A Common Thought

Somewhere on this earthly planet
In the dust of flowers to be,
In the dewdrop, in the sunshine,
Sleeps a solemn day for me.

At this wakeful hour of midnight
I behold it dawn in mist,
And I hear a sound of sobbing
Through the darkness -- hist! oh, hist!

In a dim and murky chamber,
I am breathing life away;
Some one draws a curtain softly,
And I watch the broadening day.

As it purples in the zenith,
As it brightens on the lawn,
There's a hush of death about me,


A Calendar of Sonnets May

O Month when they who love must love and wed!
Were one to go to worlds where May is naught,
And seek to tell the memories he had brought
From earth of thee, what were most fitly said?
I know not if the rosy showers shed
From apple-boughs, or if the soft green wrought
In fields, or if the robin's call be fraught
The most with thy delight. Perhaps they read
Thee best who in the ancient time did say
Thou wert the sacred month unto the old:
No blossom blooms upon thy brightest day


A Calendar of Sonnets December

The lakes of ice gleam bluer than the lakes
Of water 'neath the summer sunshine gleamed:
Far fairer than when placidly it streamed,
The brook its frozen architecture makes,
And under bridges white its swift way takes.
Snow comes and goes as messenger who dreamed
Might linger on the road; or one who deemed
His message hostile gently for their sakes
Who listened might reveal it by degrees.
We gird against the cold of winter wind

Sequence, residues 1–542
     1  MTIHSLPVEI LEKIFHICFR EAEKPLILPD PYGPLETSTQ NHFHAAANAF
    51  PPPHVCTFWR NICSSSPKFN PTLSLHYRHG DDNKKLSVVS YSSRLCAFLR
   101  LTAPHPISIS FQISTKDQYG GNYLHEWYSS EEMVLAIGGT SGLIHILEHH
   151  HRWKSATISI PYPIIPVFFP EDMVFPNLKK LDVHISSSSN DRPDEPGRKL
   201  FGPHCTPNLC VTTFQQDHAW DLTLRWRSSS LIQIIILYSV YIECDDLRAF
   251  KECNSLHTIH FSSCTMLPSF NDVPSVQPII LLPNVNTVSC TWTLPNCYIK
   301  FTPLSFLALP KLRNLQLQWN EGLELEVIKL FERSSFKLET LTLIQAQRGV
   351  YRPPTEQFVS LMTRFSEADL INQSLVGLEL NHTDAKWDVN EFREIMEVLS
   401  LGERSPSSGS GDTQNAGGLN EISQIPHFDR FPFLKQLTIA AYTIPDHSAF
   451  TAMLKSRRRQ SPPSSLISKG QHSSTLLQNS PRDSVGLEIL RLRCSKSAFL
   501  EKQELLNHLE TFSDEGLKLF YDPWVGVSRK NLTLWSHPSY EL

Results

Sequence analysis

Our loins now with mighty bands of sleep,


1866 -- Addressed To The Old Year

Art thou not glad to close
Thy wearied eyes, O saddest child of Time,
Eyes which have looked on every mortal crime,
And swept the piteous round of mortal woes?

In dark Plutonian caves,
Beneath the lowest deep, go, hide thy head;
Or earth thee where the blood that thou hast shed
May trickle on thee from thy countless graves!

Take with thee all thy gloom
And guilt, and all our griefs, save what the breast,
Without a wrong to some dear shadowy guest,
May not surrender even to the tomb.


Fighting Mac

A Life Tragedy

A pistol shot rings round and round the world;
In pitiful defeat a warrior lies.
A last defiance to dark Death is hurled,
A last wild challenge shocks the sunlit skies.
Alone he falls, with wide, wan, woeful eyes:
Eyes that could smile at death -- could not face shame.

Alone, alone he paced his narrow room,
In the bright sunshine of that Paris day;
Saw in his thought the awful hand of doom;
Saw in his dream his glory pass away;


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